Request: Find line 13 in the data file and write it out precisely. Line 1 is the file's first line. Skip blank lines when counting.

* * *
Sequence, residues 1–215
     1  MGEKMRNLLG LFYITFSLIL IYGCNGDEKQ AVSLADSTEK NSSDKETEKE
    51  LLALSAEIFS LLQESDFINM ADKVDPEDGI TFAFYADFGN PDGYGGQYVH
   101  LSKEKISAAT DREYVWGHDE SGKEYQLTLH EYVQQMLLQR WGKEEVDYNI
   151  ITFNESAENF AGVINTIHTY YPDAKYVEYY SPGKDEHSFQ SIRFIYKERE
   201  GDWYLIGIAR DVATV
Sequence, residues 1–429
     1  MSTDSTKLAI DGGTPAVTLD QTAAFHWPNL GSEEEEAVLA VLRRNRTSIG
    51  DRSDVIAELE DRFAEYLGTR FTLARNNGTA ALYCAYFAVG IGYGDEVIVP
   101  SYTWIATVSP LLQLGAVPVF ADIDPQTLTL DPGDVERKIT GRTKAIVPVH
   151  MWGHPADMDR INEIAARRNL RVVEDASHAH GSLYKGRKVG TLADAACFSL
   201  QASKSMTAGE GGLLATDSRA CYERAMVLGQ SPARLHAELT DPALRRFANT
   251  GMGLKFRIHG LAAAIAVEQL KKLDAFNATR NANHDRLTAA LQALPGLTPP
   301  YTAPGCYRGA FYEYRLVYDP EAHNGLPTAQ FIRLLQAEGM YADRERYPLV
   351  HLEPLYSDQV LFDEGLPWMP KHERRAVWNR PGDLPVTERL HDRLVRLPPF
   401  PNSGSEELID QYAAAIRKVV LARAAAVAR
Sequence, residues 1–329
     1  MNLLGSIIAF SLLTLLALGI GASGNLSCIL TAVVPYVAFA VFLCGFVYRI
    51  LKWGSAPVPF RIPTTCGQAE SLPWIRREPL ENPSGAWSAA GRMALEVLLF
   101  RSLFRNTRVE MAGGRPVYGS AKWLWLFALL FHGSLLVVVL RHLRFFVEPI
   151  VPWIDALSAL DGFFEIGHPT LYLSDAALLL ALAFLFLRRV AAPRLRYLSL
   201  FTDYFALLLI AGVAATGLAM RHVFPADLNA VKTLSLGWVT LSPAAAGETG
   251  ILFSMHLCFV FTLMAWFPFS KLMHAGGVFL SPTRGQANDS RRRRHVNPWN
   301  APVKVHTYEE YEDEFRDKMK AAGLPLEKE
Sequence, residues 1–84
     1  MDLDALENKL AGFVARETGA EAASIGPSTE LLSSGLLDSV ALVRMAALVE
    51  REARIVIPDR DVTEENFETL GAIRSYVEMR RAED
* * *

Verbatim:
   251  GMGLKFRIHG LAAAIAVEQL KKLDAFNATR NANHDRLTAA LQALPGLTPP